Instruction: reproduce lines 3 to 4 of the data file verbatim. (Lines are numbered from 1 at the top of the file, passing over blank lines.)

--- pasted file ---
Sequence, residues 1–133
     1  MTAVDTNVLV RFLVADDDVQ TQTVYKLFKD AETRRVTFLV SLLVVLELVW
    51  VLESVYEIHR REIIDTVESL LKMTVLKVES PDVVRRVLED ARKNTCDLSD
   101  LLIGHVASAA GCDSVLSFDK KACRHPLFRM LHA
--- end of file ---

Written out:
    51  VLESVYEIHR REIIDTVESL LKMTVLKVES PDVVRRVLED ARKNTCDLSD
   101  LLIGHVASAA GCDSVLSFDK KACRHPLFRM LHA